|Title:||Facile Solvothermal Preparation of Mn <inf>2</inf> CuO <inf>4</inf> Microspheres: Excellent Electrocatalyst for Real-Time Detection of H <inf>2</inf> O <inf>2</inf> Released from Live Cells||Authors:||Peng, Tie Kun
Chen, Shen Ming
Balamurugan, T. S.T.
|Keywords:||electrocatalysis | electrochemical sensor | H O 2 2 | manganese copper oxide | reactive oxygen species (ROS)||Issue Date:||19-Dec-2018||Journal Volume:||10||Journal Issue:||50||Source:||ACS Applied Materials and Interfaces||Abstract:||
© 2018 American Chemical Society. Hydrogen peroxide (H 2 O 2 ) is an eminent biomarker in pathogenesis; a selective, highly sensitive real-time detection of H 2 O 2 released from live cells has drawn a significant research interest in bioanalytical chemistry. Binary transition-metal oxides (BTMOs) displayed a recognizable benefit in enhancing the sensitivity of H 2 O 2 detection; although the reported BTMO-based H 2 O 2 sensor's detection limit is still insufficient, it is not appropriate for in situ profiling of trace amounts of cellular H 2 O 2 . In this paper, we describe an efficient, reliable electrochemical biosensor based on Mn 2 CuO 4 (MCO) microspheres to assay cellular H 2 O 2 . The Mn 2 CuO 4 microspheres were prepared through a superficial solvothermal method. It is obvious from impedance studies, introduction of manganese into copper oxide lattice significantly improved the ionic conductivity, which is beneficial for the electrochemical sensing process. Thanks to the distinct microsphere structure and excellent synergy, MCO-modified electrode exhibited excellent nonenzymatic electrochemical behavior toward H 2 O 2 sensing. The MCO-modified electrode delivered a broad working range (36 nM to 9.3 mM) and an appreciable detection limit (13 nM), with high selectivity toward H 2 O 2 . To prove its practicality, the developed sensor was applied in the detection of cellular H 2 O 2 released by RAW 264.7 cells in presence of CHAPS. These results label the possible appliance of the sensor in clinical analysis and pathophysiology. Thus, BTMOs are evolving as a promising candidate in designing catalytic matrices for biosensor applications.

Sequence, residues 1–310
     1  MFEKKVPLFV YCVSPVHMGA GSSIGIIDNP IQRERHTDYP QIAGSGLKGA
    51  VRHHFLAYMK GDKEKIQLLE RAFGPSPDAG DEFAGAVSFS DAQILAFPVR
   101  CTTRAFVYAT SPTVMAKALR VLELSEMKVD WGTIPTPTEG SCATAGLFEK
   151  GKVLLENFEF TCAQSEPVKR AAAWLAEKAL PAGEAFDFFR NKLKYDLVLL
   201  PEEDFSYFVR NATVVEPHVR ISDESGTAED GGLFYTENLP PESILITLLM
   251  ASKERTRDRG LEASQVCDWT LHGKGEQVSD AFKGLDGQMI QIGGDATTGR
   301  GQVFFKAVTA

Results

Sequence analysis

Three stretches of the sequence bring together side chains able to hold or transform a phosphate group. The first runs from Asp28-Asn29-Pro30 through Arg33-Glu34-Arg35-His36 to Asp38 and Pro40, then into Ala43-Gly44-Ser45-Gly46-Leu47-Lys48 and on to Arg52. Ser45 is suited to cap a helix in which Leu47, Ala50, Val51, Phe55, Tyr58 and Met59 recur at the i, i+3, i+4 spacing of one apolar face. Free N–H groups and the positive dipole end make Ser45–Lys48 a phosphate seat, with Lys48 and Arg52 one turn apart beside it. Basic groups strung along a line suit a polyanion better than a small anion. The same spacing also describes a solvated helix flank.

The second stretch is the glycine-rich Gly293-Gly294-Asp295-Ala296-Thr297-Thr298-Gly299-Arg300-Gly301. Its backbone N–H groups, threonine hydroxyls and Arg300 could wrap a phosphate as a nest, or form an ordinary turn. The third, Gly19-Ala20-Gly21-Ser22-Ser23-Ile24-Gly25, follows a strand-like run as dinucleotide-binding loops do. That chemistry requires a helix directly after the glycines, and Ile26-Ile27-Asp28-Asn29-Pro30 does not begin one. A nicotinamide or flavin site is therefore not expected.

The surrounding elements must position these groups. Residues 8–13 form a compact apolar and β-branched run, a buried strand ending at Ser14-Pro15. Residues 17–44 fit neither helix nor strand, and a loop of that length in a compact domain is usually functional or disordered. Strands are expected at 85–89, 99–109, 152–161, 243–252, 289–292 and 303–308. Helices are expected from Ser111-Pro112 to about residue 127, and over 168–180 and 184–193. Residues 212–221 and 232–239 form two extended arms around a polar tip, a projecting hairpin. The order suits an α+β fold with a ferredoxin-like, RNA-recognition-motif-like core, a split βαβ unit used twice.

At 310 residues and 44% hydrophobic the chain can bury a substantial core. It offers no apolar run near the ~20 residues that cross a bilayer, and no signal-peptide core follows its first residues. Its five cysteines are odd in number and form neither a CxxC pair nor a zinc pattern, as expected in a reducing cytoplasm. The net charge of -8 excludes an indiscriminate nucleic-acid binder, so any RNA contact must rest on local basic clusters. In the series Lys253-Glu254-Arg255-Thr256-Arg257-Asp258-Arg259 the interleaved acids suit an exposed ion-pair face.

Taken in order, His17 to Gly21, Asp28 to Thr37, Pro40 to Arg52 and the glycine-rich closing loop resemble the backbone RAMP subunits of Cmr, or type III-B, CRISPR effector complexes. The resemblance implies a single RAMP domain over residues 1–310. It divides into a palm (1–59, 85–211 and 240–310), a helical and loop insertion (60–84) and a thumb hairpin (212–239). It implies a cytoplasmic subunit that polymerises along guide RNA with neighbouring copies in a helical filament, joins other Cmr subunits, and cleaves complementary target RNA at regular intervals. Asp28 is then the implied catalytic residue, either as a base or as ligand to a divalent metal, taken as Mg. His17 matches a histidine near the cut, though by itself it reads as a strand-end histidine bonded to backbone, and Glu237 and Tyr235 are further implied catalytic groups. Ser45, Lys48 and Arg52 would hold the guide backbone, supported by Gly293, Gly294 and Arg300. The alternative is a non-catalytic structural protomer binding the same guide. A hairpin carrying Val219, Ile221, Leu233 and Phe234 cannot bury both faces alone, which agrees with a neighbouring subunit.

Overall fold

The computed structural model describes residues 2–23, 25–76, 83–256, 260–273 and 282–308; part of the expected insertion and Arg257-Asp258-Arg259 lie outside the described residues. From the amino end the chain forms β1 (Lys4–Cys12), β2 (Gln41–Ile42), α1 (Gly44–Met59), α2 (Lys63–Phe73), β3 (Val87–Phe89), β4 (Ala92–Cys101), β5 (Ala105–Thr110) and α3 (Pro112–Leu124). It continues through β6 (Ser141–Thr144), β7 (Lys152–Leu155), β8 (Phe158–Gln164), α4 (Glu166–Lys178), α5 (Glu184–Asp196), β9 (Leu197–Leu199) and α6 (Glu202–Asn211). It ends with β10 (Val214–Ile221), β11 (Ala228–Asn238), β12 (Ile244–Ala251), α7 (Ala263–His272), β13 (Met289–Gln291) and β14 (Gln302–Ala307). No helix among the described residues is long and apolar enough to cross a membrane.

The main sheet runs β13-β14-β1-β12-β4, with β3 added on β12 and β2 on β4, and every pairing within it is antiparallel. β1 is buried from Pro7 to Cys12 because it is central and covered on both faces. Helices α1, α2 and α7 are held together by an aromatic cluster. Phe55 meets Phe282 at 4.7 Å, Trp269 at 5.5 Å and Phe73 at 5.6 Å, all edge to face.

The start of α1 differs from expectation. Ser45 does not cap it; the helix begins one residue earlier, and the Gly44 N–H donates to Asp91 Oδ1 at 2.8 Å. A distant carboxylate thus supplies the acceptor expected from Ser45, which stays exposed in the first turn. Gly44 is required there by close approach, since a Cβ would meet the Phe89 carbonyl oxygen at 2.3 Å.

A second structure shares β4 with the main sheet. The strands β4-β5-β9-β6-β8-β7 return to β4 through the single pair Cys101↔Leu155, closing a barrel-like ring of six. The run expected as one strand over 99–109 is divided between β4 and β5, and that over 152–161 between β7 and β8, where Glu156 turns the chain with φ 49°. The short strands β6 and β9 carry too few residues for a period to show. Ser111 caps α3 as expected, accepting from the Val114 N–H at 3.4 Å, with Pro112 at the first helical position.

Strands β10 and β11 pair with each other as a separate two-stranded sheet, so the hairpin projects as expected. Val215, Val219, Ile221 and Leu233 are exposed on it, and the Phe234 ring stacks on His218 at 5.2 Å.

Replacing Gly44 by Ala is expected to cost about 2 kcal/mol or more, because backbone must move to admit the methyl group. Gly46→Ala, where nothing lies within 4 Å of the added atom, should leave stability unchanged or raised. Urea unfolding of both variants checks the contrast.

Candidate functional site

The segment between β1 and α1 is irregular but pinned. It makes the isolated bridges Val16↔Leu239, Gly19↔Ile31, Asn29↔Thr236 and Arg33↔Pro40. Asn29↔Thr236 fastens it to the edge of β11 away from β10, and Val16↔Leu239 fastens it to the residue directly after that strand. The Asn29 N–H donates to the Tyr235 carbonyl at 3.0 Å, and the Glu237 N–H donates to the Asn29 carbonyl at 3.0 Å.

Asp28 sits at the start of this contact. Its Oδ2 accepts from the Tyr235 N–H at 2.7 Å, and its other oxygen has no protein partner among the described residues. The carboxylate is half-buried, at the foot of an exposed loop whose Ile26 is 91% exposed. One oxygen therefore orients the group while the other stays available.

|Appears in Collections:||政治學系|
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